Adverse outcomes associated with recorded victimization in mental health electronic records during the first UK COVID-19 lockdown

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Abstract

Purpose: The impact of COVID-19 pandemic policies on vulnerable groups such as people with mental health problems who experience violence remains unknown. This study aimed to investigate the prevalence of victimization recorded in mental healthcare records during the first UK lockdown, and associations with subsequent adverse outcomes. Methods: Using a large mental healthcare database, we identified all adult patients receiving services between 16.12.2019 and 15.06.2020 and extracted records of victimisation between 16.03.2020 and 15.06.2020 (first UK COVID-19 lockdown). We investigated adverse outcomes including acute care, emergency department referrals and all-cause mortality in the year following the lockdown (16.06.2020- 01.11.2021). Multivariable Cox regressions models were constructed, adjusting for socio-demographic, socioeconomic, clinical, and service use factors. Results: Of 21,037 adults receiving mental healthcare over the observation period, 3,610 (17.2%) had victimisation mentioned between 16.03.2020 and 15.06.2020 (first UK COVID-19 lockdown). Service users with mentions of victimisation in their records had an elevated risk for all outcomes: acute care (adjusted HR: 2.1; 95%CI 1.9–2.3, p < 0.001), emergency department referrals (aHR: 2.0; 95%CI 1.8–2.2; p < 0.001), and all-cause mortality (aHR: 1.5; 95%CI 1.1–1.9; p = 0.003), when compared to service users with no recorded victimisation. We did not observe a statistically significant interaction with gender; however, after adjusting for possible confounders, men had slightly higher hazard ratios for all-cause mortality and emergency department referrals than women. Conclusion: Patients with documented victimisation during the first UK lockdown were at increased risk for acute care, emergency department referrals and all-cause mortality. Further research is needed into mediating mechanisms.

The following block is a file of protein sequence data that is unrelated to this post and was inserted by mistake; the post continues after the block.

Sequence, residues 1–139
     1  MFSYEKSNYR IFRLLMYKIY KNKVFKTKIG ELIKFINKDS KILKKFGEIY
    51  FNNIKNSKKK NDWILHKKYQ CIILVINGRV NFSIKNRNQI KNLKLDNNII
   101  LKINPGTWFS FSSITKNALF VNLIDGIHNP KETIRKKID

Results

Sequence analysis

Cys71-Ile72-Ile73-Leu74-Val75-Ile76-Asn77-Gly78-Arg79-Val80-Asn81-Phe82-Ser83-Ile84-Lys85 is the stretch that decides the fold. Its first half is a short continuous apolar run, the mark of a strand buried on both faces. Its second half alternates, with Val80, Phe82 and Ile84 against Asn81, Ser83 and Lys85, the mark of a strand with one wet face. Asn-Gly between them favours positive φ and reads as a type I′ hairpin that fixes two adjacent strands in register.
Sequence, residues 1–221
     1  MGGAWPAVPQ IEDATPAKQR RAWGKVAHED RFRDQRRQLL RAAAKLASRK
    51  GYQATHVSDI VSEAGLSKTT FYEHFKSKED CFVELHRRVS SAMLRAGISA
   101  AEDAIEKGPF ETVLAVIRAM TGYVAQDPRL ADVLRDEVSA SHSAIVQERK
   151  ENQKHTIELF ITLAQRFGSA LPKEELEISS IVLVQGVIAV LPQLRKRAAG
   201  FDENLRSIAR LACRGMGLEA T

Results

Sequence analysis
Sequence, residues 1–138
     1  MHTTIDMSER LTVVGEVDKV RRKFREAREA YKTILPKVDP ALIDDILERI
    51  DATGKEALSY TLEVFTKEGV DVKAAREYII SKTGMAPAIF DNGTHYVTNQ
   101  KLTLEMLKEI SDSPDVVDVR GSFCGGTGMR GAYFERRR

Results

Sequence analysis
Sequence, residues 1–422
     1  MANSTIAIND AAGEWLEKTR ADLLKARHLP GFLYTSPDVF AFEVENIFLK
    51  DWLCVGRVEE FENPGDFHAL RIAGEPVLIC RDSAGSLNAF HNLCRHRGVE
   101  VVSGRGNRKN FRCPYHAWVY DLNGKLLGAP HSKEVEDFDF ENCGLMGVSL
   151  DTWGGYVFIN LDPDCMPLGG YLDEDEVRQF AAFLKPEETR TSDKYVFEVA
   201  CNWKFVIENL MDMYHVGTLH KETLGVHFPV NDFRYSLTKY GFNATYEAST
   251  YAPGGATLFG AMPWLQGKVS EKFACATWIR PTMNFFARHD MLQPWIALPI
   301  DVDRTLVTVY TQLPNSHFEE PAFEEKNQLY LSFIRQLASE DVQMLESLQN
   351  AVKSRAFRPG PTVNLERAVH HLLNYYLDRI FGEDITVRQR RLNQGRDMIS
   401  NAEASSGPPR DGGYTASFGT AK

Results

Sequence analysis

Original languageEnglish
JournalSocial Psychiatry and Psychiatric Epidemiology
DOIs
Publication statusPublished - 25 Nov 2022

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